The company said that 1,000 patients have received the drug under its compassionate use, Bloomberg reported. On March 27, Ridley said, it started a new “expanded access” program for people who have COVID-19 and can’t get into a trial. Company officials did not respond to questions about the size of the expanded access program or how it works, but according to Stat, a medicine journalism website, it now has 1.5 million doses that could treat more than 140,000 patients and is supplying the medicine free of charge.

Elana and her father first tried to apply public pressure on Gilead by using Twitter. Elana posted a plea to Gilead on the platform. Avi Mayer, a cousin of Michael’s who is a spokesman for the American Jewish Congress and has more than 75,000 followers on Twitter, joined the campaign, prompting a Forward article about the situation.

Then on March 26, numerous Goldsmith relatives wrote to the Forward begging editors to remove the article, saying it could hinder efforts to get him what they described as a life-saving drug. The Forward took the highly unusual step of doing so.

Since the attempt to placate Gilead by staying quiet failed, the family decided to talk to the media, including the Forward.

Michael’s medical team is still trying to persuade Gilead to give him remdesivir, and more than 1,000 doctors have signed onto a petition asking the company to give him the drug. But his wife said she has accepted that it’s unlikely that the company will reverse its decision.

In the meantime, the doctors are trying to keep him comfortable and hope that his body can defeat the virus on its own.

And Elana is trying to get ready for Passover. The Goldsmiths usually spend the holiday in Israel, celebrating at a big meal with extended family where everyone wears costumes to act out the story of the Exodus. This year, it will be just her and the kids, and the kids have started to ask her what it’s going to be like.

“Obviously we’re going to wear whatever costume we want, just make it meaningful and special to them as I can,” she said.

Travel is a big part of the Goldsmith’s lives together. In addition to Israel, they’ve taken their children to Hawaii and had planned to go to the Maldives, an island country in the Indian Ocean, for that 10th anniversary trip.

Elana is still hoping to go to the Maldives.

“I have to do whatever it takes to get my kids into an O.K. space,” she said. “And in between I have to fight for Michael. And then when it’s over I can go on a vacation.”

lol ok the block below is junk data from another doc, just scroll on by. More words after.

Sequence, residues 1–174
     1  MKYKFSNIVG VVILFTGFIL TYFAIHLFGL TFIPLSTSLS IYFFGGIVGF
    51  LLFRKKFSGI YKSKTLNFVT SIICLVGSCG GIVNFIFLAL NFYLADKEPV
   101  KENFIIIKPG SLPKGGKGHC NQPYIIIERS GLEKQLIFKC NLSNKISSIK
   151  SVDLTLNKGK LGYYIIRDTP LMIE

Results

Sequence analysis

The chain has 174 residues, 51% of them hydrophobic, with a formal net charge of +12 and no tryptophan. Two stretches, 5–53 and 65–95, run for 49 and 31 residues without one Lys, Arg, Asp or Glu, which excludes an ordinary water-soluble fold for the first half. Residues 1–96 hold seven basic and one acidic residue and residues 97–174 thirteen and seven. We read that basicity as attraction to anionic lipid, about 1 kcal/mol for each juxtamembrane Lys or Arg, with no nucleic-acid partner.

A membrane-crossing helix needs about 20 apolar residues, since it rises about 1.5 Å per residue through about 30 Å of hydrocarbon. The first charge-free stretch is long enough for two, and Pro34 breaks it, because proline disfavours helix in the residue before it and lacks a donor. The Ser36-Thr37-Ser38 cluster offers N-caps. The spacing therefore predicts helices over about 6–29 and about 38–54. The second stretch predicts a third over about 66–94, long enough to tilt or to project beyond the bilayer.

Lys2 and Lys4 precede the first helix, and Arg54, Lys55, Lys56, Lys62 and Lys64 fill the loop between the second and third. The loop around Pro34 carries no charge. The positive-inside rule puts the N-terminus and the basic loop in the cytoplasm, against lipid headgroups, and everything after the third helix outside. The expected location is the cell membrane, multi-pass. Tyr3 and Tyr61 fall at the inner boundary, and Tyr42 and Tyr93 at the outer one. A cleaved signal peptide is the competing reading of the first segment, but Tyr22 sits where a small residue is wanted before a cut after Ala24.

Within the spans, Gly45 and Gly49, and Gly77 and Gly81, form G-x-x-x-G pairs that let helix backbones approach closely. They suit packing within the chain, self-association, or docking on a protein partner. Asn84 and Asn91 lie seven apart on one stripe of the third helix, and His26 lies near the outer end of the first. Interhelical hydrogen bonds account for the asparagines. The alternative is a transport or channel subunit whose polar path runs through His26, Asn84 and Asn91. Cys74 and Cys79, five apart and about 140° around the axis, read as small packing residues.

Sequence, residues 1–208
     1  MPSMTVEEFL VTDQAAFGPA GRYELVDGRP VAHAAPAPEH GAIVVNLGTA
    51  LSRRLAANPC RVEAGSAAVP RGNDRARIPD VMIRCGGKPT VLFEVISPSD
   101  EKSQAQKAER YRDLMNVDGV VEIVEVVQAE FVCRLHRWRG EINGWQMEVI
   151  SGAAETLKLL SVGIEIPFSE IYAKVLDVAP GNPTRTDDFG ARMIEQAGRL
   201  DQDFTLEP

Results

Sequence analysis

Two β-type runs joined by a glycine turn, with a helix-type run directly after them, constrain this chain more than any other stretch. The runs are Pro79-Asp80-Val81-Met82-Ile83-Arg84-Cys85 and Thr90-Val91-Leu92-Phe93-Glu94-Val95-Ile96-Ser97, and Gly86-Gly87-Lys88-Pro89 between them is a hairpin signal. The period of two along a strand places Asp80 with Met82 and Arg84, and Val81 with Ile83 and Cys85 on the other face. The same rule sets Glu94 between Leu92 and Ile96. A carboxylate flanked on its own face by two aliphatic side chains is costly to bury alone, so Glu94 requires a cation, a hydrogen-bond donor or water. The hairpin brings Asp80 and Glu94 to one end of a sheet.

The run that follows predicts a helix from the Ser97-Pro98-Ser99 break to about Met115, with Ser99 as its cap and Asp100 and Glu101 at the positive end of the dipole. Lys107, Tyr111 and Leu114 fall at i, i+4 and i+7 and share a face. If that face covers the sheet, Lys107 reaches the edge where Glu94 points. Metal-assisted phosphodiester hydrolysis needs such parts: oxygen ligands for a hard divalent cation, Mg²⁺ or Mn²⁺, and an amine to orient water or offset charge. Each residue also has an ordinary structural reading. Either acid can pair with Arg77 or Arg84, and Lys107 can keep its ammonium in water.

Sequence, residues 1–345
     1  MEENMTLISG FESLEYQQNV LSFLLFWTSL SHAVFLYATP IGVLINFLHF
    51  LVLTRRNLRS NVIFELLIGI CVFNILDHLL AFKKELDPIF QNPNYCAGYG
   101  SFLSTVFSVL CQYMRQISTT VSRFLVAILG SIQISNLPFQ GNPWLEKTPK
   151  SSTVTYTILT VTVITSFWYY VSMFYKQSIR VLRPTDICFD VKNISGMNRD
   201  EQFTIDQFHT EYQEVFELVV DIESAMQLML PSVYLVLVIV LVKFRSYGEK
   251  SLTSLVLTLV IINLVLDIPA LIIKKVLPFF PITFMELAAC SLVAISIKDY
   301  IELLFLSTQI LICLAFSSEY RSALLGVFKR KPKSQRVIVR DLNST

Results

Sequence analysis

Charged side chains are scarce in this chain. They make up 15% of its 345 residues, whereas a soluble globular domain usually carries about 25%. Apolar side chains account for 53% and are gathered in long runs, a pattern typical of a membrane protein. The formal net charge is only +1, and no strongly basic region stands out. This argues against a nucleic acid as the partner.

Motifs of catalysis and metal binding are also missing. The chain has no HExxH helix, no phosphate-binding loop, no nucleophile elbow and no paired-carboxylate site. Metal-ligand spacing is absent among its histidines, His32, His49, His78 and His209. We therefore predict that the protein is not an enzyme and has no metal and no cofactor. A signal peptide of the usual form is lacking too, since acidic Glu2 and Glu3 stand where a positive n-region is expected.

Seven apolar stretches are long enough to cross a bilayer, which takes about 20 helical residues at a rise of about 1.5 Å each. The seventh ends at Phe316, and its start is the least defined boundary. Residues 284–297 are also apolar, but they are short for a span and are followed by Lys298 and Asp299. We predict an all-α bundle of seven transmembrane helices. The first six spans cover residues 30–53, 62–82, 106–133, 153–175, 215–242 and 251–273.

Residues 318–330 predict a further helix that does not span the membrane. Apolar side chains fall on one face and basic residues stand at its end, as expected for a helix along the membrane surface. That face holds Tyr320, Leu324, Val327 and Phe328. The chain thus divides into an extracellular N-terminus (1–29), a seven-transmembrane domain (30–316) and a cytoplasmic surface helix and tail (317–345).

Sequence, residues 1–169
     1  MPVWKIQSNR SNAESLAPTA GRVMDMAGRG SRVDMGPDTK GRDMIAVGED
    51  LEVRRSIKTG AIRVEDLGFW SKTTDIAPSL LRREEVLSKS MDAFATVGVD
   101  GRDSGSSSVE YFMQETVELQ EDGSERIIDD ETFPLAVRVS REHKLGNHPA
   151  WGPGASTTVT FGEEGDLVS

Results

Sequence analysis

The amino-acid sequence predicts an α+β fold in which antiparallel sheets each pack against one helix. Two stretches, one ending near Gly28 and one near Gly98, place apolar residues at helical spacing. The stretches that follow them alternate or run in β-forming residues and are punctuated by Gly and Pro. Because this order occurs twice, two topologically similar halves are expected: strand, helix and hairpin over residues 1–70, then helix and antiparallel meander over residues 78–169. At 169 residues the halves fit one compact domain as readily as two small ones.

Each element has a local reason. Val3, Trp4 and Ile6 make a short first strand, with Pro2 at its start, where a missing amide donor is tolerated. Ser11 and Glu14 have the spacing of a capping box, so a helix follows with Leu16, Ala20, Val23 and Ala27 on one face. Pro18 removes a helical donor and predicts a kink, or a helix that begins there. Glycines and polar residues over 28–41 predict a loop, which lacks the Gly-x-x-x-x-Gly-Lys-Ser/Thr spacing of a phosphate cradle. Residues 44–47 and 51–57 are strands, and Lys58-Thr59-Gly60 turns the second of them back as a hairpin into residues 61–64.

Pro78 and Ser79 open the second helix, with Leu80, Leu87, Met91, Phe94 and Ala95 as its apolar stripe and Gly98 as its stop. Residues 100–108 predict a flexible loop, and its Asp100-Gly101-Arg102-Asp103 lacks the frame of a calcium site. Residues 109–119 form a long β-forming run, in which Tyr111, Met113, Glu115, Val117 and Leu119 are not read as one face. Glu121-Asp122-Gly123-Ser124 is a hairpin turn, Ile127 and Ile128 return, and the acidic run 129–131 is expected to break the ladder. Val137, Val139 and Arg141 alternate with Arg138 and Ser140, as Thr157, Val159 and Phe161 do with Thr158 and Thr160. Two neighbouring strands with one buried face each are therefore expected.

Helen Chernikoff is The Forward’s senior news editor. Contact her at chernikoff@forward.com or follower her on Twitter @thesimplechild

Author

Helen Chernikoff

Helen Chernikoff

Helen Chernikoff is the Forward’s News Editor. She came to the Forward from The Jewish Week, where she served as the first web director and created both a blog dedicated to disability issues and a food and wine website. Before that, she covered the housing, lodging and logistics industries for Reuters, where she could sit at her desk and watch her stories move the stock market. Helen has a Master’s of Public Administration from Columbia University and a BA in History and French from Amherst College. She is also a rabbinical school dropout. Contact her at chernikoff@forward.com and follow her on Twitter at @thesimplechild .

Jewish family ‘fallen through cracks’ in fight for drug

Your Comments

The Forward welcomes reader comments in order to promote thoughtful discussion on issues of importance to the Jewish community. All readers can browse the comments, and all Forward subscribers can add to the conversation. In the interest of maintaining a civil forum, The Forward requires that all commenters be appropriately respectful toward our writers, other commenters and the subjects of the articles. Vigorous debate and reasoned critique are welcome; name-calling and personal invective are not and will be deleted. Egregious commenters or repeat offenders will be banned from commenting. While we generally do not seek to edit or actively moderate comments, our spam filter prevents most links and certain key words from being posted and the Forward reserves the right to remove comments for any reason.

Recommend this article

Orthodox family ‘fallen through cracks’ in fight to get experimental drug

Thank you!

This article has been sent!

Close